UK inflation is creeping ever closer to the Bank of England's (BoE) 2 per cent target reaching a 30-month high of 1.8 per cent in January.
The Office for National Statistics (ONS) figure - which is a rise from the 1.6 per cent in December and the highest since June 2014's 1.9 per cent - was largely down to transport and fuel costs. Such costs rose close to 0.9 per cent last month compared to a fall in January 2016. Food and alcoholic beverages costs also had an impact falling significantly less than 12 months earlier.
The 1.8 per cent CPI figure came in below expectations of a 1.9 per cent rise - largely due to a fall in clothing inflation and an impact of retailers' sales techniques. However, the below-expectation figure has not deterred economists continuing to forecast a 3 to 3.5 per cent figure by the end of 2017.
In its own predictions, the BoE said earlier this month that it expected inflation to average at 2 per cent for this year and 2.7 per cent for 2018 - but admitted the effects of a sterling depreciation were entering the economy faster than it previously anticipated.
The BoE's estimates were slightly predicated on domestic inflation from the services sector weakening this year - yet January's data showed a rise from 2.5 per cent to 2.6 per cent, casting some doubt on the bank's more timid outlook.
Its own preferred measure of 'core CPI' remained unchanged in January at 1.6 per cent, however.
Food inflation is also likely to cause more of an upset in the short term, as retailers continue passing on the higher cost of imported products, according to Pantheon chief UK economist Samuel Tombs.
He added: "Sterling’s depreciation [will boost] food and core goods prices and as energy firms hike prices. With wage growth looking anchored at about 2.5 per cent, a sharp slowdown in consumer spending continues to beckon."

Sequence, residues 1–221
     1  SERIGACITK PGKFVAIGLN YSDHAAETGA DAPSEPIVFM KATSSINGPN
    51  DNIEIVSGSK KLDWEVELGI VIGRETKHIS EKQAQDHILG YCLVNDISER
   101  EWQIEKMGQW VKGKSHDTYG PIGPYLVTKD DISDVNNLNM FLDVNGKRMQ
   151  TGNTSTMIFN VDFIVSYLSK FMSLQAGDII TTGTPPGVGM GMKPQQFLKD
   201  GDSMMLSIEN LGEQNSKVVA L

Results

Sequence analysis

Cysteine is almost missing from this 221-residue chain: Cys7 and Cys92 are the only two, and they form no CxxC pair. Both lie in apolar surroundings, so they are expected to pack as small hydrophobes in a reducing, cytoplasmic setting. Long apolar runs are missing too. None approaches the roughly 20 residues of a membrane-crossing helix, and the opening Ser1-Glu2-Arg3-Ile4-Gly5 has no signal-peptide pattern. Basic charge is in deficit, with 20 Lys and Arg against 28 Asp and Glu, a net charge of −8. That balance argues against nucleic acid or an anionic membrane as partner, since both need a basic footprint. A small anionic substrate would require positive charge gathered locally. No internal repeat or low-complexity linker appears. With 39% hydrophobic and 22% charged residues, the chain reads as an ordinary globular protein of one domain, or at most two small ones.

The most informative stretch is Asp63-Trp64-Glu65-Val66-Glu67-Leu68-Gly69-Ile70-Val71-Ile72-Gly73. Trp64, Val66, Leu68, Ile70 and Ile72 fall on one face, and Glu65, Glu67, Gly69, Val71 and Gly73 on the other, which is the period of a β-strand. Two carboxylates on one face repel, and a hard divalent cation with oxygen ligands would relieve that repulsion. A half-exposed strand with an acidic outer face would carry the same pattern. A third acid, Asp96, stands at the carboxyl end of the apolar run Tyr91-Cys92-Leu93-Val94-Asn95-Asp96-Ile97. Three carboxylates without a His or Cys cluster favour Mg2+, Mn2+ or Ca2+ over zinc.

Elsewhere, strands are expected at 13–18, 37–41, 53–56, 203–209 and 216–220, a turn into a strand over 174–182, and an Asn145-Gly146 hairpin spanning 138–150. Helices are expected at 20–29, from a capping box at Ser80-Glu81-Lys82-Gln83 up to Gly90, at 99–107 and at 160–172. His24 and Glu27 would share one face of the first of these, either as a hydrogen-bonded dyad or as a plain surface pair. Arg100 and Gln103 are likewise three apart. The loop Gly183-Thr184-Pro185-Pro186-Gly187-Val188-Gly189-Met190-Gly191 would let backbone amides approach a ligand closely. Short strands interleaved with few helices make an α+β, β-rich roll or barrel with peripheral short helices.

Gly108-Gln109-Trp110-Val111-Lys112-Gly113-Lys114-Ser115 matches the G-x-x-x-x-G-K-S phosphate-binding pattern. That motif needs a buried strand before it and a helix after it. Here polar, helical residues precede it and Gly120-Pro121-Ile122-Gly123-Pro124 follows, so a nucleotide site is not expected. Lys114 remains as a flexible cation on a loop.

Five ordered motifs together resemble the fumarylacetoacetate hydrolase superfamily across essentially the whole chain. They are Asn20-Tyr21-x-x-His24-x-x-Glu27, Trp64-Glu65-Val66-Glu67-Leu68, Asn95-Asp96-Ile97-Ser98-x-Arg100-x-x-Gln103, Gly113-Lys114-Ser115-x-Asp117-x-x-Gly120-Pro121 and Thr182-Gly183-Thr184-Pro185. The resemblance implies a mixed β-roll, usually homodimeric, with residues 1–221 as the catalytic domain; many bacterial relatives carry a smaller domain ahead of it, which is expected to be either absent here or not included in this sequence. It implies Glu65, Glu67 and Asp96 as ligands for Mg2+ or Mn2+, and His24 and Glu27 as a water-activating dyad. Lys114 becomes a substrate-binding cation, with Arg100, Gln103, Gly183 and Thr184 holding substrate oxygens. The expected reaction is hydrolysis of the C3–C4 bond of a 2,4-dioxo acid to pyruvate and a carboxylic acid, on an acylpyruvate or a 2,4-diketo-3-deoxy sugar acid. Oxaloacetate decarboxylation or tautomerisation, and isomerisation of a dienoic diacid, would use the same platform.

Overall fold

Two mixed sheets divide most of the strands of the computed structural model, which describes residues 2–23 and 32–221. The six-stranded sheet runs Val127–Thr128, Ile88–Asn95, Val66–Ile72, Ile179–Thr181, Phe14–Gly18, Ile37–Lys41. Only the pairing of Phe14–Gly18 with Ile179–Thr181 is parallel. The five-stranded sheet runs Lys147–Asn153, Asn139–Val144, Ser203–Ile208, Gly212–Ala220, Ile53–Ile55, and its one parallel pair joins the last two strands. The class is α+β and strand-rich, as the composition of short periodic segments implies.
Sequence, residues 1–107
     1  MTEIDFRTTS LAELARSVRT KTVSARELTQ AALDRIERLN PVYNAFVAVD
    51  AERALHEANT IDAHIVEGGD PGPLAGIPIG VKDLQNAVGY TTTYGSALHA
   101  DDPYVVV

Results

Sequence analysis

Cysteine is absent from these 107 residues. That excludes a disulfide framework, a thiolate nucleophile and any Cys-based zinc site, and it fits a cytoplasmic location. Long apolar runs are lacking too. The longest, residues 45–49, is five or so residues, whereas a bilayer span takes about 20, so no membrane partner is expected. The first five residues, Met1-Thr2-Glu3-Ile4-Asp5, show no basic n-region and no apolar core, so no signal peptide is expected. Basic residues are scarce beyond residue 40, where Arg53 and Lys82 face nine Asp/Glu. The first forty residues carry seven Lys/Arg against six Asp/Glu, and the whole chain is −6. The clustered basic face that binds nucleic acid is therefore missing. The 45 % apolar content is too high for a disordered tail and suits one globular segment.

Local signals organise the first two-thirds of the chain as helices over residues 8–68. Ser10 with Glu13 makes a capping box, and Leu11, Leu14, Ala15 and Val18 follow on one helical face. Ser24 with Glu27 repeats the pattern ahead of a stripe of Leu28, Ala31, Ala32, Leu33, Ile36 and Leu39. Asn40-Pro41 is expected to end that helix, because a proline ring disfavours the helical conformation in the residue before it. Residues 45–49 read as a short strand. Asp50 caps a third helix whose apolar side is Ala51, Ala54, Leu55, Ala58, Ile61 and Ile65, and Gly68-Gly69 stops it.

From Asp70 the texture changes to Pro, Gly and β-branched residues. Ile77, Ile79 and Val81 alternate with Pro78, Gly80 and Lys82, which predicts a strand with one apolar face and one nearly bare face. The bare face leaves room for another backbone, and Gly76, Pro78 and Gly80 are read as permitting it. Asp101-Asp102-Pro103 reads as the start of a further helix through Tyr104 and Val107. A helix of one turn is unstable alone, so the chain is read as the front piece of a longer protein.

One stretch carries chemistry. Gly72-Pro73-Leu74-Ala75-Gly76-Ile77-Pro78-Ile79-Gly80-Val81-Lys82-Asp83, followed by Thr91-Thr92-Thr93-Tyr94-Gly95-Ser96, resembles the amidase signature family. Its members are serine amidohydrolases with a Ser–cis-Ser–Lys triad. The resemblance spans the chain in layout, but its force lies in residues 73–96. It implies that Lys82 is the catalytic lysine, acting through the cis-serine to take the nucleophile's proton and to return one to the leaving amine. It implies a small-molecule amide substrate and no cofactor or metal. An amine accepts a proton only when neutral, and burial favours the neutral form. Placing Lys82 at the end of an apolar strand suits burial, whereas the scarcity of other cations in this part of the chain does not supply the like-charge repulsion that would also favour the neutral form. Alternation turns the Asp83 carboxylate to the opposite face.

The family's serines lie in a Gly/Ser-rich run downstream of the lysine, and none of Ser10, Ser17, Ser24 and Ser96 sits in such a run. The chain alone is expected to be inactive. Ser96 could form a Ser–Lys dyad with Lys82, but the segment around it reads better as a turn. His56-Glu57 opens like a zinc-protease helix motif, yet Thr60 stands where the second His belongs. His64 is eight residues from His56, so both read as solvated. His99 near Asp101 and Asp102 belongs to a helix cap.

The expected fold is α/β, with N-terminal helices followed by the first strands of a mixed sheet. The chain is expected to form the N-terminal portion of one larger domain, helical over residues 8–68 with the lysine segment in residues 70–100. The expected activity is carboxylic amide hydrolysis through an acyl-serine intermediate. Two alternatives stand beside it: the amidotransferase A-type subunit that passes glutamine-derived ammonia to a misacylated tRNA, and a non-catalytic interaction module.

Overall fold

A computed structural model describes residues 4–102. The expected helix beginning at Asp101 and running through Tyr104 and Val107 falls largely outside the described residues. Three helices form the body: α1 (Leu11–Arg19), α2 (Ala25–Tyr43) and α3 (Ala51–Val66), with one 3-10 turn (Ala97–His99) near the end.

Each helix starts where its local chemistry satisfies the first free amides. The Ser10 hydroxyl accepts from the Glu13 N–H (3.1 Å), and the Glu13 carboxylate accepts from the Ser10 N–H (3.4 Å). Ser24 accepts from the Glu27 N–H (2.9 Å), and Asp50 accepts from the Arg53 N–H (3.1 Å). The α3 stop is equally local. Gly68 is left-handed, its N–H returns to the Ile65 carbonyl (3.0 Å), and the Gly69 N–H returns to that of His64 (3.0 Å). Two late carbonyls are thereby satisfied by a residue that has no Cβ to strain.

However, WisdomTree director of research Viktor Nossek disagreed with the higher forecasts, and suggested the weaker UK economy would keep a lid on price rises.
"The [BoE] 2 per cent target represents something of a ceiling for CPI unless we see dynamics change.
"Oil prices have so far lacked momentum, despite significant cuts to crude oil output. Indeed, the signs are that economic activity could weaken in the near term as the UK’s dominant services sector is slowing down, keeping a lid on demands for higher wages."
The wage inflation figure will be released tomorrow (Wednesday) - with the last figure coming in at 2.8 per cent in the three months to November 2016.
Yet further analysis of the January figures showed cost pressures were building in the production pipeline. Input prices rose 20.5 per cent last month, the highest since September 2008. Production firms are still absorbing some costs, but it will ultimately feed through to consumer prices, according to Capital Economics.
True Potential deputy chief investment officer Chris Leyland warned the rising figure - not matched by rising interest rates from the BoE - would continue to hit savers hardest.